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9 Fabulous Walks in the Cotswolds

Walk one of the many trails to explore the honey-coloured villages and towns, the rolling green hills and pastures full of wildflowers sheep and wildlife of the quintessential English Landscape. Footpaths criss-cross the Cotswolds making it possible to walk many miles to and from other areas in the country.  The Cotswold Way stretching from Bath to Chipping Campden is a 14-day walk. Explore part of the Shakespearean way in a five-mile section from The Rollroght Stones to Chipping Norton. The Wychavon way near Snowshill was created to celebrate the Queen's jubilee in 1977. The  40 mile Blossom Trail follows the river Avon in the Vale of Evesham. Perhaps you might like to follow the figure eight circular route of the  Winchcombe Way to explore the hills around Sudeley Castle and the Roman Mosaic in Spoonly Wood. Cleeve Hill and Common is the highest common in the Cotswolds has breathtaking views towards the Malvern Hills and beyond. The Diamond Way is 65 miles long and stretches from Northleach through Guiting Power and to Chipping Campden. The Windrush Way is a challenging 14-mile circular walk linking The Cotswold Way at Winchcombe with the Oxfordshire Way at Bourton on the Water. The Leckhampton Loop is an archetypal Cotswold walk. This circular walk takes you through grassland, ancient woodland and finishes with an Iron Age Fort and Victorian Quarry.

Bibury : The Most photographed Village in the Cotswolds

The Cotswold Village of Bibury has been rated one of the most "Instagrammable" Villages in the UK. It is well known for its 17th. Century Weavers Cottages, the River Coln, the Old Mill, and Trout Farm. Arlington row was converted from a wool store to house workers in the wool degreasing (fulling) Mill built at that time. Emperor Hirohito visited the village in 1921. William Morris described Bibury in the 1870's as the "the most beautiful village in England". I agree with William Morris, and I am sure you will too when you visit.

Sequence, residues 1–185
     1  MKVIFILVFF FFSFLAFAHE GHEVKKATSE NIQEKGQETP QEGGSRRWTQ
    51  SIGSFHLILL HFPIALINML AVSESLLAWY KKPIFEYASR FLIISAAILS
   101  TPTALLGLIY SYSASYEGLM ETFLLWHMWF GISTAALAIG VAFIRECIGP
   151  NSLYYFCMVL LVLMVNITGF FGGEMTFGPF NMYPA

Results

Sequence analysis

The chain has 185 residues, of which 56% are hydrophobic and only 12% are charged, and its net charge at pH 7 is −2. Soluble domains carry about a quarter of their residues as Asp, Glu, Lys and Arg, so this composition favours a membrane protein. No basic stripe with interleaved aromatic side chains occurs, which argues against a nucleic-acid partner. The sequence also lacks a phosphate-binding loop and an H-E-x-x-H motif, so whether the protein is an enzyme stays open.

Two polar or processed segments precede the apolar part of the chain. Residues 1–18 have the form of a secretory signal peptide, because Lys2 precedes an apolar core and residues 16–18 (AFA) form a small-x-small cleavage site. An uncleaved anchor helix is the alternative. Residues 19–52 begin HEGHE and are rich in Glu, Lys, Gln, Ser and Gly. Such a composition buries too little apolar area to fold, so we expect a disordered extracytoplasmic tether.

Burford - The Gateway to the Cotswolds

Burford is commonly known  as "the Gateway to the Cotswolds."  Its name id derived from Burgh meaning fortified and ford a crossing of the river. Initially, the town prospered from the wool trade but over the centuries other industries such as weaving, leather tanning, saddle making stonemasonry, brewing and timber production from the local Wychwood forest. King Charles 11 with his mistress Nell Gwynn attended the races at nearby Aldsworth which opened in 1621. These races were second in importance to Newmarket the centre of horse racing and now have become the origin of the now famous Cheltenham races. King Charles and Nell Gwynn named their illegitimate son, Earl of Burford,  after the town. The town later became an important coaching town during the eighteenth and early nineteenth centuries and still contains many fine hotels and inns.

Commute from here: Moreton-in-Marsh

Moreton in Marsh is a thriving Cotswold Market Town 90 minutes by train from London and Birmingham. The number of Londoners registering with the local estate agents has increased by 75% six weeks after lockdown. Moreton in Marsh has a range of independent shops, a popular optician, a toy shop, excellent food shops, two doctors surgeries, and a recently opened hospital. Working from home being normal Moreton in Marsh has become popular because of the short commute to London or Birmingham without paying the higher prices of the more traditional North Cotswold villages.

Day Trip from London